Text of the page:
We conducted a field experiment in Burkina Faso to investigate the impact of informal sharing obligations within kin networks on entrepreneurial effort. Tailors were incentivized to produce bags and our treatment intervention was to subtly inform tailors’ families about this income opportunity. We expected that informing the family should lead to an average decrease in entrepreneurial effort. However, the overall treatment effect we find is insignificant and the observed effect even points in the opposite direction than expected. Ex-post explorative analysis motivated by previous research findings, reveals that average effects mask differences regarding how tailors adjusted their production processes. Heterogeneity in working longer hours vs. asking additional people for help between the two treatment groups highlights the importance of reciprocity norms and income hiding. Additionally, we show how some tailors in the treatment group were able to utilize their kin network to their joint advantage, underlining the positive potential of kin networks in an uncertain business environment.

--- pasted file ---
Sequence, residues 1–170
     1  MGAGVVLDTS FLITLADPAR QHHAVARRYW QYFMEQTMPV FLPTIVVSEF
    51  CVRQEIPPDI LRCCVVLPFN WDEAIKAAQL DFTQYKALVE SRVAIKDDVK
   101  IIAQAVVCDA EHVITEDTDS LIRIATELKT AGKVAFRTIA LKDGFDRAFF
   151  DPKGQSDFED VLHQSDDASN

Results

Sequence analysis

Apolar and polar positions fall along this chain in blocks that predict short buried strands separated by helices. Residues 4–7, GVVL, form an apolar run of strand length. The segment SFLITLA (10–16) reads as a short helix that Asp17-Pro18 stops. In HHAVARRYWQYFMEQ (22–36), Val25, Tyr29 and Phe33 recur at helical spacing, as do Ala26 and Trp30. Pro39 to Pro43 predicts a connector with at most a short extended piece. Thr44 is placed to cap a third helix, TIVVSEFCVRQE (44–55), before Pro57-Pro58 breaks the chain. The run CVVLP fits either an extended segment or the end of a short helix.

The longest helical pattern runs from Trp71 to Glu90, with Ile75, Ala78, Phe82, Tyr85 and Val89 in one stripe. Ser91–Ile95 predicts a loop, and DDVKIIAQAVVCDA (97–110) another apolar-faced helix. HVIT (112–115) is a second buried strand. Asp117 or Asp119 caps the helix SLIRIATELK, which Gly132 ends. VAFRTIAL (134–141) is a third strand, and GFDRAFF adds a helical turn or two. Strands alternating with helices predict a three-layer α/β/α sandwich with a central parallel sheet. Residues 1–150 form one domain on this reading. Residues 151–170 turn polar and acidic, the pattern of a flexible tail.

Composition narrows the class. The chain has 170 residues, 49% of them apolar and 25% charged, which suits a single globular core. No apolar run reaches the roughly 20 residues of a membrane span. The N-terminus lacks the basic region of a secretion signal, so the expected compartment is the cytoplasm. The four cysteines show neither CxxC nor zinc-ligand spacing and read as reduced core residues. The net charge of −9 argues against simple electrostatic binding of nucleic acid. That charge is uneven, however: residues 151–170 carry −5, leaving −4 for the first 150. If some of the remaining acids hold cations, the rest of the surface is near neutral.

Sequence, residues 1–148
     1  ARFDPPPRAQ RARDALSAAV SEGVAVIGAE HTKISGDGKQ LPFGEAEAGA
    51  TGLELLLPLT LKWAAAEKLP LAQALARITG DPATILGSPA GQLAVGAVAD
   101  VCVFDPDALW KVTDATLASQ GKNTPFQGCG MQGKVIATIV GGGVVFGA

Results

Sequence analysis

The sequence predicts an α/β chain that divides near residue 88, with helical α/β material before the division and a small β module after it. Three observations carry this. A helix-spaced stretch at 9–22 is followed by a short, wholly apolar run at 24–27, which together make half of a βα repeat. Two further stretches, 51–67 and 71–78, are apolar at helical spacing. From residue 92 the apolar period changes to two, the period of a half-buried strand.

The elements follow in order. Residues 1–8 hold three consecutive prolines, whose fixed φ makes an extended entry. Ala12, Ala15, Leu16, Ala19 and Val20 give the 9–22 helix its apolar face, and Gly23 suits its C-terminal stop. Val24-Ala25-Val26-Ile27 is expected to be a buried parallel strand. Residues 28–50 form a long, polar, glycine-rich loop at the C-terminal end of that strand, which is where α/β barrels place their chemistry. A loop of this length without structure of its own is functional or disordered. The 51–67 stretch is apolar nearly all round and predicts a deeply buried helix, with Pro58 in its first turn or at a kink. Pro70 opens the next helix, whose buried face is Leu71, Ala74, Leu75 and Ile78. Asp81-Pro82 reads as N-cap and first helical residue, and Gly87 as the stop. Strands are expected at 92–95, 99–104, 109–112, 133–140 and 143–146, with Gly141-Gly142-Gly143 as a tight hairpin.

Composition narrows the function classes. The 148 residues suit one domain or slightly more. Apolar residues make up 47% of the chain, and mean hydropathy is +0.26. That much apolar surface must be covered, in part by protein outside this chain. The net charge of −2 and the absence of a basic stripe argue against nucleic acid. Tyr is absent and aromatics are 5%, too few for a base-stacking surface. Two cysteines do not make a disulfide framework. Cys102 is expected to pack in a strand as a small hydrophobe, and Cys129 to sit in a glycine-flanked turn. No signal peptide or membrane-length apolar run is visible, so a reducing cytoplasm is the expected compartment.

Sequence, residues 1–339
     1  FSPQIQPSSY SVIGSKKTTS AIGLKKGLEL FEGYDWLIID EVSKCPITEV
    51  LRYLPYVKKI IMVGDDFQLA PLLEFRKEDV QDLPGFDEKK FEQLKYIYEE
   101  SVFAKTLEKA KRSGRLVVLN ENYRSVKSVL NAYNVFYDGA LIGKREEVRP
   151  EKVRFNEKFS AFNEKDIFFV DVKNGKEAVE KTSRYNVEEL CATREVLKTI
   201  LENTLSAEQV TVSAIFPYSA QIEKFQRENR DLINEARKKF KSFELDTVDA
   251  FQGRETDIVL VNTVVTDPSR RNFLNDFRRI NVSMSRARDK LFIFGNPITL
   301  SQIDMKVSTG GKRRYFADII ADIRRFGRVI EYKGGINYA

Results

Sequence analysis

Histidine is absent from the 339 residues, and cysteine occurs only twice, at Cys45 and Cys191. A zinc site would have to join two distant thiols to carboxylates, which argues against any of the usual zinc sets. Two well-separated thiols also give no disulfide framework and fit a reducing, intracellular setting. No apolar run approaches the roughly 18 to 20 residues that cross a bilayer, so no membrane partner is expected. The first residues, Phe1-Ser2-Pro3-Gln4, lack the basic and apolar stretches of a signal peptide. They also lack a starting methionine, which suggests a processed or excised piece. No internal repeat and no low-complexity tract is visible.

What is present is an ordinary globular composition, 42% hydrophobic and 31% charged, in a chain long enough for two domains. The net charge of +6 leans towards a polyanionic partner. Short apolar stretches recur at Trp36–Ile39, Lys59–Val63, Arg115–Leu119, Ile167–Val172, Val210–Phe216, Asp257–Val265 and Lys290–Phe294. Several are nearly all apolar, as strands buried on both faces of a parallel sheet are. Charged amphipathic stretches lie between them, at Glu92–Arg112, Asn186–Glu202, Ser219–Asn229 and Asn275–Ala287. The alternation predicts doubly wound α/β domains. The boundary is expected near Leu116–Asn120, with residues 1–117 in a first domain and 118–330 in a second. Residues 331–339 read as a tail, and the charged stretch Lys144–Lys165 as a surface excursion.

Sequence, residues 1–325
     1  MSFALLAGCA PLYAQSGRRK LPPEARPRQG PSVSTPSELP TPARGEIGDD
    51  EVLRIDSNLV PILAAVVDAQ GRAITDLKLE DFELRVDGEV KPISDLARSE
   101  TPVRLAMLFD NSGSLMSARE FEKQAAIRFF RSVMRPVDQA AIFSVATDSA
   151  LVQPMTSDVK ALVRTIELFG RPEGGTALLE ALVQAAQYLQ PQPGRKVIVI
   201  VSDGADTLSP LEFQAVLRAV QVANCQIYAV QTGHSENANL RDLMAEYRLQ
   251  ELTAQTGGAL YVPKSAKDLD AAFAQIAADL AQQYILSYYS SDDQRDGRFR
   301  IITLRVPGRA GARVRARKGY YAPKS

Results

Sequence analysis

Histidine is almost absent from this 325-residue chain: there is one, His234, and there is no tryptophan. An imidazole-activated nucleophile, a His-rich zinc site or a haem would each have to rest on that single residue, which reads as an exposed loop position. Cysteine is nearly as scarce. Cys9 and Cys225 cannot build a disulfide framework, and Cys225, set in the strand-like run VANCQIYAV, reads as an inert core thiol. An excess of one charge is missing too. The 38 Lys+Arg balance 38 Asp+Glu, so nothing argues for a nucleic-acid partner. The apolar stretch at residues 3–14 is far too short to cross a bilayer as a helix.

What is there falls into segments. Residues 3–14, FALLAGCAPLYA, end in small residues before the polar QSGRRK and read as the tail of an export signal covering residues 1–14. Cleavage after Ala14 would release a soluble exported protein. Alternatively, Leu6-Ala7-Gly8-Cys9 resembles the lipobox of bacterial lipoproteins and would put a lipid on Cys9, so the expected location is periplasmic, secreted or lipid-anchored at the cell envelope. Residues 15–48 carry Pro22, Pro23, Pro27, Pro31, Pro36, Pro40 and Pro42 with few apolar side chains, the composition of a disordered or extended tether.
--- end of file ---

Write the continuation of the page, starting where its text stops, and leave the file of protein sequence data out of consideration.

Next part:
Entrepreneurship & Regional Development, Vol. 35, Issue 7-8, pp. 617-643, 2023